The Laramie Project
On American television, we like our homosexuals one of two ways: happy, clever, and sassy — Sean Hayes’ Jack on ”Will & Grace” is the reigning example — or tragic, heroic, and pitied, as in any given made-for-TV movie, starting with 1985’s ”An Early Frost” (in which a young Aidan Quinn died of AIDS in part to enlighten his well-meaning but ill-informed parents, Ben Gazzara and Gena Rowlands).
The result is didactic, static, and often sentimental work. It’s no wonder that TV’s most interesting gay couple remains the encoded brother team of Frasier and Niles Crane; that the patron saint of out sexuality remains that great old queen of the sitcom, the late Paul Lynde; or that Rosie O’Donnell’s snail-slow coming out is being met with the kind of squishily benign media approval that can only make other gay performers wonder if it’s worth risking the range of their potential roles to make the gesture at all.
On the other hand, The Laramie Project (HBO), an indie-film version of a 2000 Off Broadway play about the murder, is clear-eyed, often moving, but also tediously overanalyzed, if not a little self-congratulatory. All words spoken are from actual taped interviews with Laramie residents conducted by members of the Tectonic Theater Project and their director, Moisés Kaufman.
The townsfolk, who often address the camera directly, are represented by a large ensemble including ”Oz”’s Terry Kinney as Matthew’s father, Peter Fonda and ”Happiness”’ Dylan Baker as doctors, ”The Practice”’s Camryn Manheim as a Laramie theater teacher, ”Dawson’s Creek”’s Joshua Jackson as a bartender, Steve Buscemi as a hired-car driver, and Amy Madigan as the first officer on the scene where Shepard, beaten and shoeless, was strung up to die on a remote countryside fence.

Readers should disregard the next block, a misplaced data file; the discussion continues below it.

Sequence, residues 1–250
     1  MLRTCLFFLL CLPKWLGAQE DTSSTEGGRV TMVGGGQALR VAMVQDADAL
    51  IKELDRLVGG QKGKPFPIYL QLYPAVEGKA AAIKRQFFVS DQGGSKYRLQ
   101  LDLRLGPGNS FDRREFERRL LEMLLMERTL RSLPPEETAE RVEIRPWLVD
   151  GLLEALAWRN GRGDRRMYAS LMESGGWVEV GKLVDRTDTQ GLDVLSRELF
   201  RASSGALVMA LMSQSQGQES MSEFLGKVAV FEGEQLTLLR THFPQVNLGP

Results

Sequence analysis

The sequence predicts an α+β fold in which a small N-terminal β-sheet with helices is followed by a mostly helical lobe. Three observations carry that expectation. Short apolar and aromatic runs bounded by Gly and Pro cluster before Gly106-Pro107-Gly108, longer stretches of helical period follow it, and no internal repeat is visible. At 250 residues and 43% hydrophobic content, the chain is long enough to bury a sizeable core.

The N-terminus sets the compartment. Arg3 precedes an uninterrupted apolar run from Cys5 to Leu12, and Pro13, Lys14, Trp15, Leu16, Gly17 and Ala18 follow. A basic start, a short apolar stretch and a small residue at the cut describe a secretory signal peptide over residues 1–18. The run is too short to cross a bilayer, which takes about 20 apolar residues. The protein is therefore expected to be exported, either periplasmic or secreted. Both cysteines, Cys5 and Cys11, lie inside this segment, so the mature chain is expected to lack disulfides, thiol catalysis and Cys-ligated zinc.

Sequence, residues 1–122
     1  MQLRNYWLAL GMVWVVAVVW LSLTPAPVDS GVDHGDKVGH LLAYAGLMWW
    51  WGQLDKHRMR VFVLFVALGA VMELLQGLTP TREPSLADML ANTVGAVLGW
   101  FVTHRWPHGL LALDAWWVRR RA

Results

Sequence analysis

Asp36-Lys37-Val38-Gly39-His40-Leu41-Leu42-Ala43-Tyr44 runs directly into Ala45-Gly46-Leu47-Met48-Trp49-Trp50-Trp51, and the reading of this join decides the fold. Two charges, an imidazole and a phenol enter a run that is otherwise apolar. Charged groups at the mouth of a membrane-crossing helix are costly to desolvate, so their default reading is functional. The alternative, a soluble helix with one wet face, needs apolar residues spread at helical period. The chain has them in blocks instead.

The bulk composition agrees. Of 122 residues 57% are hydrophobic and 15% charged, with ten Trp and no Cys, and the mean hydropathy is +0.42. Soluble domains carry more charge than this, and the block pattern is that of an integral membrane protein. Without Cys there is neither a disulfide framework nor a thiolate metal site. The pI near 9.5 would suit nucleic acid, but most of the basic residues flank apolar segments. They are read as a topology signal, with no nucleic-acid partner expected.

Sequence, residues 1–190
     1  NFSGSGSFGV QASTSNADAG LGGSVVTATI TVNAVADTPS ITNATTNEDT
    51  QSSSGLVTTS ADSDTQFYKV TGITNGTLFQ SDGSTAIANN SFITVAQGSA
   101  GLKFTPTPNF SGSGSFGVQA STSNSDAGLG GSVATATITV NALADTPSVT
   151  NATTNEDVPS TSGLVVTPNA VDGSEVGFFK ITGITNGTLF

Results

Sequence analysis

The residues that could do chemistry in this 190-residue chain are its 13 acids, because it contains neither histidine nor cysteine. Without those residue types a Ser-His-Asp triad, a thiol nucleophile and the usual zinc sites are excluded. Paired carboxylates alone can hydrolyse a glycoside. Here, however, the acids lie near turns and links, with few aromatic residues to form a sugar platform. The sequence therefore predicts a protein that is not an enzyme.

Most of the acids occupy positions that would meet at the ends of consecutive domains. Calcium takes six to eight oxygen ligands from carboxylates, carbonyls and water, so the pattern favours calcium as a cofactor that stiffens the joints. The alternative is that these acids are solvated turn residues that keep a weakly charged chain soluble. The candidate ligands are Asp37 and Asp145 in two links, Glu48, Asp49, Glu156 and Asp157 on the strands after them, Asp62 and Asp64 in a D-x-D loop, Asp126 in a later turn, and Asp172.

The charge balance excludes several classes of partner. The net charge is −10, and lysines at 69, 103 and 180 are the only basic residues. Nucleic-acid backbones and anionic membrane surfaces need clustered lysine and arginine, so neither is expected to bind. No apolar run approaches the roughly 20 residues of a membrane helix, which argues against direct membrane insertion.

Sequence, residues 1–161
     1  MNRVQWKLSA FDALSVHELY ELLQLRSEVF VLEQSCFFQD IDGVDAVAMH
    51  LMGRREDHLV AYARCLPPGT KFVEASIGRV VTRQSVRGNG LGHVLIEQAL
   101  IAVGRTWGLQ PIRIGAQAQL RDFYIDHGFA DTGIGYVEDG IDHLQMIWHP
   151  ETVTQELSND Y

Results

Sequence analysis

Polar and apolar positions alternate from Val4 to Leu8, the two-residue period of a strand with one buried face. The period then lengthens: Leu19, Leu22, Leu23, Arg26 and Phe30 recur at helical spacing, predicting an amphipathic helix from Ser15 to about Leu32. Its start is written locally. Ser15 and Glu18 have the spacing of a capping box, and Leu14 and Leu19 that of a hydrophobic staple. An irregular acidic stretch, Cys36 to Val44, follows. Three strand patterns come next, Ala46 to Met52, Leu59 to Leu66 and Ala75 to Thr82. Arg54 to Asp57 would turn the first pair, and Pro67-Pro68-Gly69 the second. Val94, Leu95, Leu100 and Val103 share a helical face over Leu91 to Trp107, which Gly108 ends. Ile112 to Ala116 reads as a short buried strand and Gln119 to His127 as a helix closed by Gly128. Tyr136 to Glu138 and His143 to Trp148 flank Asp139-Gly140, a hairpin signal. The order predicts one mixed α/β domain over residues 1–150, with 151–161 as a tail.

Laramie’s most daring, glaring conceit is to have the interviewers as characters in the production (Kaufman, for example, is portrayed by ”The Tick”’s Nestor Carbonell). It’s riveting to see them extract anecdotes from the bartender at the site where Shepard’s two murderers first met him (Jackson gives this apparently good-humored, easygoing man a subtle, guilty sorrow) and from the man who drove Shepard to various gay bars (Buscemi, exuding extraordinarily offhand, garrulous eloquence).
But the information gatherers come across as clichés of big-city neurotics: self-absorbed and parochial. Bully for them for exposing themselves as such; pity we who have to sit through their banal musings over how Shepard’s case affected them. In this case, their group research was far more valuable than their group soul-search. ”Laramie”’s sense of tragedy extends as far, wide, and endlessly as the prairie landscape against which Matthew’s body was crucified.